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Inuit Sculpture from the Collection of the TD Bank Financial Group

April 7, 2006 - April 7, 2006

ItuKiag?tta! is an expression that means “How it amazes us!” in the Labrador Inuktitut dialect. This exhibition features some of the finest sculptures from the TD Bank Financial Group’s (TDBFG) Inuit art collection, representing an early, vital period in the development of Inuit art. Throughout its history the TDBFG has been a generous patron of the arts. In keeping with this role, it is celebrating its 150th anniversary with the tour of this exhibition. The tour has been organized in collaboration with the National Gallery of Canada, which is marking its 125th anniversary this year.

In the early 1960s, construction of the TD Bank headquarters at the corner of King and Bay streets in Toronto was well under way. The famous architect Mies van der Rohe encouraged Allen Thomas Lambert, then President and chairman of the TD Bank, to complement the building’s interior with great works of art. In 1962 a small number of paintings was purchased for the executive offices.
In May 1965 Lambert announced the establishment of a comprehensive collection of Inuit art. He had managed the Yellowknife branch of the Bank of Toronto from 1946 to 1947. Between 1965 and 1967 committee members travelled throughout northern and southern Canada purchasing artworks, whichincluded carvings, graphics, ivory miniatures, and ceramics from Rankin Inlet. To ensure that the Bank’s collection contained examples of early works, the committee approached private collectors such as Jerry Twomey and Ian Lindsay. The end result was a collection of nearly 1,000 pieces, dating from 1945 to 1967, which included works by artists from all art-producing communities across the Canadian Arctic.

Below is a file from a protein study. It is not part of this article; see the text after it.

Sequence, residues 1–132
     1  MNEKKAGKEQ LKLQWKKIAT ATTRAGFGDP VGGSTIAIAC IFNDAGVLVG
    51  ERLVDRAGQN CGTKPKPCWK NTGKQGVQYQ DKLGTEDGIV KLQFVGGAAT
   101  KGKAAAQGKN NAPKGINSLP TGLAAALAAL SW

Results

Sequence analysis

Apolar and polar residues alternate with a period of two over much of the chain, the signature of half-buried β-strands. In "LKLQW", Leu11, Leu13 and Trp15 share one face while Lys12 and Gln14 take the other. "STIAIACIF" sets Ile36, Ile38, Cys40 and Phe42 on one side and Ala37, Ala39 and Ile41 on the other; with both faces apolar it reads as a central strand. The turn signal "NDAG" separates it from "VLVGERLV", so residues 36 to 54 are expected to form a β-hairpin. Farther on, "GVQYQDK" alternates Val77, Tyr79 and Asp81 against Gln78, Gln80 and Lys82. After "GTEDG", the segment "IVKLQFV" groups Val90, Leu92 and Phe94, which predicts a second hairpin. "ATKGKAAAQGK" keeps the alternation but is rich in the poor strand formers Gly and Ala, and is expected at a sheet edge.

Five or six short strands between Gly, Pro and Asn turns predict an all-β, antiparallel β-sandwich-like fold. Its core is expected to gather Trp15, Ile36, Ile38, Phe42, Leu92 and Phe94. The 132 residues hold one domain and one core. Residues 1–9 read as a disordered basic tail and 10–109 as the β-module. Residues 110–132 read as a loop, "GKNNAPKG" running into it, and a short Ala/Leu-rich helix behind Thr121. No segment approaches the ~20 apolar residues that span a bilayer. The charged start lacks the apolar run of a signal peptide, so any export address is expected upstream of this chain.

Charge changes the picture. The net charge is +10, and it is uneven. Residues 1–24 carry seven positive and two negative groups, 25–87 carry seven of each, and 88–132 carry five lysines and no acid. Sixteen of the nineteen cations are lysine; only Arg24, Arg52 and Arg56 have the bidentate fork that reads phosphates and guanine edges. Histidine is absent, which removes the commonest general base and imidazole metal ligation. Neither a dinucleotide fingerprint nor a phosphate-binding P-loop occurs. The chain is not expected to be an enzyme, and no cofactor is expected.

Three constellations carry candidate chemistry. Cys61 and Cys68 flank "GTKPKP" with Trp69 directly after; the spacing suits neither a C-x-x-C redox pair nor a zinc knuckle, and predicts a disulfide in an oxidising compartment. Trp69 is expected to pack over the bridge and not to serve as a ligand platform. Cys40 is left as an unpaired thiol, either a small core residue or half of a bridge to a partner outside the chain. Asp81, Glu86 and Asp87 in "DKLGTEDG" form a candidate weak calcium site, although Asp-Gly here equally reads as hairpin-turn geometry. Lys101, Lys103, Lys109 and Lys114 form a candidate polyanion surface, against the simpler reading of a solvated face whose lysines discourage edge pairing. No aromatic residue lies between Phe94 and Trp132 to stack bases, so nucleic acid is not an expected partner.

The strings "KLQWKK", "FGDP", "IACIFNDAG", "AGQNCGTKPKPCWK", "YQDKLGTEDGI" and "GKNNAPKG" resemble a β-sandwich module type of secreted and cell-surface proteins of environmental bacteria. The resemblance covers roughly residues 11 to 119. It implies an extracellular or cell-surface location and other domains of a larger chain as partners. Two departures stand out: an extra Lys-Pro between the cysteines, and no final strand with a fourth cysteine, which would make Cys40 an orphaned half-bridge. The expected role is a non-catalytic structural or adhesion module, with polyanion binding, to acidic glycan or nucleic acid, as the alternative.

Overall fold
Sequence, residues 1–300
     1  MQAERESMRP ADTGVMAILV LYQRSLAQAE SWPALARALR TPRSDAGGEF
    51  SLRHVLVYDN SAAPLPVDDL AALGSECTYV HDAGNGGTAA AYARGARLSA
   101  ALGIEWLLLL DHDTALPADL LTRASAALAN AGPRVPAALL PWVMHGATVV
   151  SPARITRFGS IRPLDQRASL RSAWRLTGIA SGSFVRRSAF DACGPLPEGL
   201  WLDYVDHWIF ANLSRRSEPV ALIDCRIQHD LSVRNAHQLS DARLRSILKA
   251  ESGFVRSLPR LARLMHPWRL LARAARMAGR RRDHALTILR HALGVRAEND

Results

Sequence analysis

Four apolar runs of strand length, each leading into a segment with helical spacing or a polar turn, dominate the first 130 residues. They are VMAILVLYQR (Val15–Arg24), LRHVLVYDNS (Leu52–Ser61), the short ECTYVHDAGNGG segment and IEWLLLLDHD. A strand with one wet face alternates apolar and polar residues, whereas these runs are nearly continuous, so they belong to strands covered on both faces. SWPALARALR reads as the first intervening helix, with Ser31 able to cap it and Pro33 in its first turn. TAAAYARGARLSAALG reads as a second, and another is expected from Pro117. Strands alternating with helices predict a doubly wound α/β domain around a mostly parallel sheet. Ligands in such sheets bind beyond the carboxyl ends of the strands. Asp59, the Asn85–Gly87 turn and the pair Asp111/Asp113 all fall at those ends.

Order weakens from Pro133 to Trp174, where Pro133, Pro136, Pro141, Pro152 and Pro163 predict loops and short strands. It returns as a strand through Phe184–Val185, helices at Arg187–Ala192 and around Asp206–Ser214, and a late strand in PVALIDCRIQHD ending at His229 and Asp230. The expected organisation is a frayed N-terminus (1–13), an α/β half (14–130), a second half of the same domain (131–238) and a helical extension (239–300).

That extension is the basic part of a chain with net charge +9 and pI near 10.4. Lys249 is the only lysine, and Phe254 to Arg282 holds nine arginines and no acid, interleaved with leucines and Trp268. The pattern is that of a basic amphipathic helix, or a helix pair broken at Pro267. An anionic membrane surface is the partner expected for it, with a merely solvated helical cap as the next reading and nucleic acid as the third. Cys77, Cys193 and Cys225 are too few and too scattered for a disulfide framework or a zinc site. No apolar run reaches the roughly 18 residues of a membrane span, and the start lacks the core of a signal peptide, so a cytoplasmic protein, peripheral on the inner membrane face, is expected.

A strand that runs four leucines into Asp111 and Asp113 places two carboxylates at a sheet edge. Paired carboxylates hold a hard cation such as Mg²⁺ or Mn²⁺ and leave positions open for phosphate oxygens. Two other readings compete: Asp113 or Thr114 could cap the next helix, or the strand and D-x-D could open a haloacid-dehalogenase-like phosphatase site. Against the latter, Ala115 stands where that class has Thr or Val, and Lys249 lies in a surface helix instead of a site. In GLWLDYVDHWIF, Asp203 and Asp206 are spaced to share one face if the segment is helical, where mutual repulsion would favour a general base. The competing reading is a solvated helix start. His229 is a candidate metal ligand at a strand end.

Installed on the observation deck on the 55th floor of the TD Bank Tower, the collection was prominently on display when the Centre officially opened on May 14, 1968. Thousands of visitors came to the building ? at that time the tallest structure in the British Commonwealth. Although the observation deck was closed in 1977, many people still associate the TD Bank with Inuit art because they remember seeing the carvings on display as they enjoyed the spectacular view of the city.

In 1982 when work on a fourth tower began, the plans included the construction of a new gallery, devoted exclusively to Inuit art in the main foyer and on the second level mezzanine. Since opening in March 1986, the gallery has been operated free of charge to the public. This touring exhibition will be an opportunity for people beyond Toronto to enjoy a selection of 51 pieces from this landmark collection.

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